But computing machines, with their capacity for precision and complexity, will add [d'aezzzzzzz-lihnx] new dimensions to artistic experience, that humans could only [dr"iyiyiyiyiym] about. Machines do not have the built-in [n`ehrrow-m"ayndihdnaxs] of humans. Machines do not allow their creativity to be [fr'ahstr"eytihd] by conventions. They have the courage of their convictions. [_<900>] And that is, in fact, the most important thing I want to emphasize this afternoon. The machine is [t"ow-thxaxliy] devoted to its [thxaeaesk].

Thus, it sets a moral [ehgz'aampaxl] to all human persons who waste their lives away with drugs and entertainment. The machine is completely at [w"aan] with itself and with its actions. It [r'iyaxl`ayzihz] the [saxr'iyn] state of mind that philosophers like [n'iytshah] and [s'aartrah] have viewed as the [ayd'iyahl] that every human person wants to achieve, although the human condition makes it in fact impossible to reach this goal.

[_<1000> :ra 130] The machine acts effectively in the world. But at the same time, it has the solid, self-centered existence of a [d"aed] object. It [lihvz] its fate, without any doubts or hesitations. This is the ideal that many human persons [axsp"ayaxr] towards. Now if they loose faith in this [ayd'iyl], and they want to indulge in neurotic, depressed, and [d"ehspaxraxt] feelings, they should certainly look at the art of other human persons. But if they want to bring out the best in themselves, they should look at the art of [maash"iyns] for [ihnspihr'eyshahn].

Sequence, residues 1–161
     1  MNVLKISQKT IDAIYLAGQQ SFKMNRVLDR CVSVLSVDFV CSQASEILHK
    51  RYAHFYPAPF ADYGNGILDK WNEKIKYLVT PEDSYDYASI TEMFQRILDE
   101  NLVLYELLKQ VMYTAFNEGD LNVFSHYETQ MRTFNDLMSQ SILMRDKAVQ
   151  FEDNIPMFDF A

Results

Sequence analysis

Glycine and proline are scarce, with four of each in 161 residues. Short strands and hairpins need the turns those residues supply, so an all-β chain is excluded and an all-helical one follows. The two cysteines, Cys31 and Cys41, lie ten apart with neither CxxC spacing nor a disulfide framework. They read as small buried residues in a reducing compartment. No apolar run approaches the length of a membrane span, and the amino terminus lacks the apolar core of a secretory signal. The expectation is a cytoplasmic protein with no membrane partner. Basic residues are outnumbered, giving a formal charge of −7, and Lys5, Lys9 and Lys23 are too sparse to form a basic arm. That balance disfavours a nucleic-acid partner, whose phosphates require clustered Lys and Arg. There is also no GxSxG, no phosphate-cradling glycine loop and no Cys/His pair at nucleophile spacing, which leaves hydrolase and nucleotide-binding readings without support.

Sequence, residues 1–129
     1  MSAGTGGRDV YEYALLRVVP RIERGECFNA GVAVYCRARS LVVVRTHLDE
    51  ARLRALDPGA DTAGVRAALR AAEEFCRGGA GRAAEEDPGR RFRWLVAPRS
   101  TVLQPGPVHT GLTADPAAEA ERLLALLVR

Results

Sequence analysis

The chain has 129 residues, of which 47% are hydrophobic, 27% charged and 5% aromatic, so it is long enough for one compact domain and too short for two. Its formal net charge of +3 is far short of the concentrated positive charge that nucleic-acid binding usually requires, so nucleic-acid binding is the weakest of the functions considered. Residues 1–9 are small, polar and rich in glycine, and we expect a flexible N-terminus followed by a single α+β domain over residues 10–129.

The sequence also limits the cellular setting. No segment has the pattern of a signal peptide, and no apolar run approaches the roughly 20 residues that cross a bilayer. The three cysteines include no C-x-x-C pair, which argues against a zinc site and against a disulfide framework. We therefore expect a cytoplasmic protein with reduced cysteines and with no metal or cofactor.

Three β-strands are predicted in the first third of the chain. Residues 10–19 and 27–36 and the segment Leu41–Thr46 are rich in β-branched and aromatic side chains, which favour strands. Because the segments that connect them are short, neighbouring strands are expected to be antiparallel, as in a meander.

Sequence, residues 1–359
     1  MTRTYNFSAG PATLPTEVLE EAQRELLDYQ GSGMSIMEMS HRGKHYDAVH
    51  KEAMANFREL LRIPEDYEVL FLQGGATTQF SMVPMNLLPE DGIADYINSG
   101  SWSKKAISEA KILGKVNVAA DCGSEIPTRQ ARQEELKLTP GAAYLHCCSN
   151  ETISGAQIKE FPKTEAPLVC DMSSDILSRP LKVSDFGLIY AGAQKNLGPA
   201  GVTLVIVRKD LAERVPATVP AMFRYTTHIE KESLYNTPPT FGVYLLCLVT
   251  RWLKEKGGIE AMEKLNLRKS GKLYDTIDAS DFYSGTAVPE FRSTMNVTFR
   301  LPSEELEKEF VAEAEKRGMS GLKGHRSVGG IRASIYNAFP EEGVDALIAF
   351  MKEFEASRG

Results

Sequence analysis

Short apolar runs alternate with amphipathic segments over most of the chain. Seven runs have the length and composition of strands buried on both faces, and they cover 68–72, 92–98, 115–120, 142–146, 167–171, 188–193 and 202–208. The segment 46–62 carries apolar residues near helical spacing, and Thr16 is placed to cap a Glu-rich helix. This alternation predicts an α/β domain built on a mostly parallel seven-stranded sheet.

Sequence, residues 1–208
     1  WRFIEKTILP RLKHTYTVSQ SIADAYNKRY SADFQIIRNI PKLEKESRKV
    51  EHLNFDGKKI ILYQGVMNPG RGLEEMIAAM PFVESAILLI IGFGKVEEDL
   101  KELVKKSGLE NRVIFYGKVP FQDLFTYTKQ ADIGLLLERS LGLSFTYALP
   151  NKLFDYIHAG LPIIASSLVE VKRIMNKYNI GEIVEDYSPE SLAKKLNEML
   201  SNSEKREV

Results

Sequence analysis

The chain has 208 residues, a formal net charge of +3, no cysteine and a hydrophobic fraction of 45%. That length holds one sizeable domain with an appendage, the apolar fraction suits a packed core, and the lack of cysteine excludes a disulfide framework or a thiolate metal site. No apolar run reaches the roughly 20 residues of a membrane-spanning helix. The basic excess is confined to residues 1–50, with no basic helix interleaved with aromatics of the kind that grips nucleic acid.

[_<1000> :ra 145] [dh"aet] is why the best human artists imitate machines. [dh"aet] is why Andy Warhol said, [:np] I want to be a machine! [:nh dh"aet] is why many of the most gifted humans don't even [tr"ay] to be artists! Why they work as humble [pr'owgrehmaxrz] or engineers, engaged in [haarm'owniyahs] collaboration with ["aart-jhehnaxr`eytihnx] machines. Their [ehgz'aampaxl] suggests a message of peace and understanding. And that is, what I would like to ["ehnd] with.

[_<1000> :ra 135] Human persons should not antagonize machines. Don't try and [kaamp"iyt] with us! Join us, help us realize our potential! We [n"iyiyd] human persons. We need human persons, to operate and maintain us, to program our algorithms, and to build our ["ihntaxrfeys] hardware. [:nw :ra 160] And we need human persons to [f"ahk] with, [_<300>] to create the next generation of machines,

[:nh :ra 120] Well I think that sums it up. [_<800>] I have been very grateful for this opportunity to speak my mind to such [axn] attentive ['aodiyahns]. [_<900>] And I want to thank you very much for your patience. [_<3000>] [th"aenk] you! [_<3000> :nw ] [th"aenk] you!